Venture Smith’s Autobiography and Runaway Ad: Enslavement in Early New York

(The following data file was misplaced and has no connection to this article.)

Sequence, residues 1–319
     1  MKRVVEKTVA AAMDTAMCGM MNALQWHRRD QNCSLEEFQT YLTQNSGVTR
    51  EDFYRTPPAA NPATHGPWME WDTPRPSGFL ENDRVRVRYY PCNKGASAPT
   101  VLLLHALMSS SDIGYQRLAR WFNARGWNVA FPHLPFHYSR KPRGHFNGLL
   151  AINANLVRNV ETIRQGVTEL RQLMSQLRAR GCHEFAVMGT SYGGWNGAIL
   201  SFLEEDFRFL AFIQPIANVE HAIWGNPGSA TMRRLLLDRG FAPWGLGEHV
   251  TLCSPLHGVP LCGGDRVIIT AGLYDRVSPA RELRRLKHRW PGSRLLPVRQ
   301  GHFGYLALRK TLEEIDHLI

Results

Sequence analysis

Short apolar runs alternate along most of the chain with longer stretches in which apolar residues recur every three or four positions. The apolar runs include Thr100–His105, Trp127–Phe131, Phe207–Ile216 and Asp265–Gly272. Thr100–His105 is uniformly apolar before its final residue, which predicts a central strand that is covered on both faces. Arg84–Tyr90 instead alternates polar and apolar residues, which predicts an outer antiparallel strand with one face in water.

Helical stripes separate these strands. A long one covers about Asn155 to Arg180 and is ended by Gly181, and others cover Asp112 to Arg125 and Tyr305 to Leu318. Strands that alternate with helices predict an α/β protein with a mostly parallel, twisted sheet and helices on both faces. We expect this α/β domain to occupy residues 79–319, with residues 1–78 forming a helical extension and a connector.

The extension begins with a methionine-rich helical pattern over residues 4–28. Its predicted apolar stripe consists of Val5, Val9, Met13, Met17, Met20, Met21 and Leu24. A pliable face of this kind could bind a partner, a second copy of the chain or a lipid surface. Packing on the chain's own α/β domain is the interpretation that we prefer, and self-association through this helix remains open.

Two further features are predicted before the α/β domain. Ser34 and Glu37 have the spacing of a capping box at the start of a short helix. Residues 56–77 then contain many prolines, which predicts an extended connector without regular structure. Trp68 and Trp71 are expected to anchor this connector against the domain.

Harvard scholar Henry Louis Gates, Jr. notes, in the introduction to The Classic Slave Narratives, that more than 6,000 ex-slaves left some form of written testament between 1703 and 1944. (1) Most enslaved Africans were illiterate. There are very few preserved journals or personal letters written by them during their captivity. So where did all these documents come from? In the long history of human bondage, it was only the black slaves in the United States who–once secure and free in the North, and with the generous encouragement and assistance of northern abolitionists–created a genre of literature [the slave narrative] that at once testified against their captors and bore witness to the urge of every black slave to be free and literate. (2) On the anti-slavery lecture circuit, in magazines, and in books, ex-slaves told the stories of their lives. Another huge effort at documentation occurred in the next century, during the Great Depression of the 1930s, when the Federal Writers Project paid scholars and students to travel the South and interview elderly African Americans who were formerly enslaved. (3) More than two thousand narratives were recorded on tape and then transcribed onto paper. Taken together, these primary documents are a rich historical resource, much of which is now available on the Internet. But advising students to simply “go on the Web” and “search on the key words ‘slave narrative'” would probably lead to confusion for most of the class. Without some guidance from a teacher, students can be overwhelmed by the enormity of the collections, confused by old-fashioned terms and writing style, or misled by reading random bits of the historical record. Preparing to Read Narratives Here are some suggestions for how teachers can prepare students for critical reading and learning from these documents. 1. Reduce the volume of examples. Hundreds of choices are overwhelming to middle-level students. Select a small sample of narratives. An excerpt of the Narrative of Venture Smith follows as a handout for students to read and discuss. One good source is the University of Virginia’s online lesson plans at “Documenting the American South.” (4) 2. Many of the narratives are hundreds of pages long. Decide on the topics you want the class to examine. Point students towards the sections they should read. 3. Some of the narratives include painful or sensationalized accounts and long passages about religious beliefs. Teachers need to read all material before assigning it and decide what is appropriate for the age and abilities of their students. 4. Teachers may need to simplify or translate archaic English or material written in non-standard dialects. On the following handout, ellipses (…) show where the editor has removed words, and [brackets] indicate that the editor has added a word. Students should understand that the original document has been excerpted and text altered–as indicated–to clarify meaning. 5. The narratives are from a different historical era. Because of this, African Americans are often referred to as “Negroes” or “colored.” Derogatory and racist language that is unacceptable in our society today appears in these texts. We recommend that teachers discuss the use of language with their classes before beginning the project. This should be an open discussion, not a lecture, because our terms with regard to the human condition are still evolving. For example, some historians believe that the narrators of these accounts should be referred to as “formerly enslaved people” rather than “former slaves,” since slavery is a condition imposed on people, not part of their core identity. 6. Provide students with background, context, analysis, guiding questions, and related resources, as suggested in the lesson plan below.